Wasting no time following its hard-won negotiations with its labor unions, Cargolux Airlines has taken steps to follow through on one of its promises to hiring 100 new pilots in Luxembourg. On Dec. 17, the all-cargo carrier revealed that it had already chosen 52 candidates who will begin a seven-month training process.
According to Cargolux’s schedule, the carrier will train an average of eight pilot candidates per month from January to July 2016. Next, it will begin training the remaining 48 candidates between July and December of next year. Cargolux also noted that positions for the final 48 pilot trainees are still open and will most likely be filled between February and April of 2016. The training courses will likely be completed for all 100 pilot candidates by September 2016.
Cargolux said “a great number of applications” have already been received for the limited pilot positions available for entrant First Officers. By the time the training is through, 170 Cargolux students will acquire either a promotion or a new type rating on the airline’s 747 freighters, said the Cargolux Crew Training Department. “This represents the biggest ever volume of training in the history of the company,” the airline said. “To cope with the workload, Cargolux also looks to appoint additional instructors and trainers.”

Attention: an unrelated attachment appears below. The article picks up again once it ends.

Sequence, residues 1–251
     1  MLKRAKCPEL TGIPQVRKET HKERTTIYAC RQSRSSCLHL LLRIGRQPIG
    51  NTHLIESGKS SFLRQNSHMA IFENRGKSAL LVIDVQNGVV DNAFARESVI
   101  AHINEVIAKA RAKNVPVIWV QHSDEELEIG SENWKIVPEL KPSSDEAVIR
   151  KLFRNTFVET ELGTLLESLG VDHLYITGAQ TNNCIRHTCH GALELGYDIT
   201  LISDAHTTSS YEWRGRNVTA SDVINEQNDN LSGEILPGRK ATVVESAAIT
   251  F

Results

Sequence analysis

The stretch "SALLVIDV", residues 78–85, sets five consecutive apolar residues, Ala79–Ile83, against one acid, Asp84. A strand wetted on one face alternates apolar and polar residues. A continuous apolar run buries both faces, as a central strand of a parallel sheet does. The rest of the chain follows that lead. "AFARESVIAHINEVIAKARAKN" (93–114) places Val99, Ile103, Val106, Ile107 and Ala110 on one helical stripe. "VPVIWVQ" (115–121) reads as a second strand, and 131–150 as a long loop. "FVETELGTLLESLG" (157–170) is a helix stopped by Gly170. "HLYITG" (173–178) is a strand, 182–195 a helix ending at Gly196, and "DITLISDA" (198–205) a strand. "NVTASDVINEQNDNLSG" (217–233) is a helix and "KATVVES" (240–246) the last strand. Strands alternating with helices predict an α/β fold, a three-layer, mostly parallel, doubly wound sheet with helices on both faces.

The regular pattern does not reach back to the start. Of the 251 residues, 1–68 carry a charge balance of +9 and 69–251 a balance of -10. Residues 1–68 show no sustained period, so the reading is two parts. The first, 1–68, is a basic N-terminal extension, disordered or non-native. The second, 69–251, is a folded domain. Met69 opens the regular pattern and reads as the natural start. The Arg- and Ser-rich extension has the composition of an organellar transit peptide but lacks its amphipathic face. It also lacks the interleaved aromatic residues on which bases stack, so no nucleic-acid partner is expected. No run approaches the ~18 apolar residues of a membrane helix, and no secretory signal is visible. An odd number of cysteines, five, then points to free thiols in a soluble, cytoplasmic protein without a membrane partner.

The plan to hire new pilots was announced during the negotiations over the new collective work agreement (CWA) that was agreed to on Dec. 16, with the blessing of the OGBL, CLSC and LCGB unions, which praised the training planning, saying it would help promote roster stability and a better work-life balance for pilots. The CWA also offers various perks and upgrades for Cargolux’s current crew population.
LCGB President Patrick Dury said the addition of the new pilots “marks a strong sign in guaranteeing growth in Luxembourg and reinforcing Luxembourg as a logistics hub.” He also added that it will help preventing fatigue of existing Cargolux pilots, “which is an important step for enhancing the safety of flight operations.”
“The so-called Luxembourgish model will continue to exist,” said Hubert Hollerich, central secretary of OGBL. “This CWA is a win-win situation for everybody and especially a gain for the social dialogue and democracy.”